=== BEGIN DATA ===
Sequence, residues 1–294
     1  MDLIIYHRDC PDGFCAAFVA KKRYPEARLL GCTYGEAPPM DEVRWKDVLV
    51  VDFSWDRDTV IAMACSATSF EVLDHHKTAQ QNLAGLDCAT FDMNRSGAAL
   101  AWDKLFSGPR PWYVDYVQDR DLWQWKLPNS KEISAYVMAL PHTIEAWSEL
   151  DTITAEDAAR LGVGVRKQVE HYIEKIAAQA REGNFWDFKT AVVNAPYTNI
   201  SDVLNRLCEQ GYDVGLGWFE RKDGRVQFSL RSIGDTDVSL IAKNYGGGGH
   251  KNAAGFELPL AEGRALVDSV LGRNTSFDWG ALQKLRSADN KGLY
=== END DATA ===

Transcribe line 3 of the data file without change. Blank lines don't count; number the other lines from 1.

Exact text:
    51  VDFSWDRDTV IAMACSATSF EVLDHHKTAQ QNLAGLDCAT FDMNRSGAAL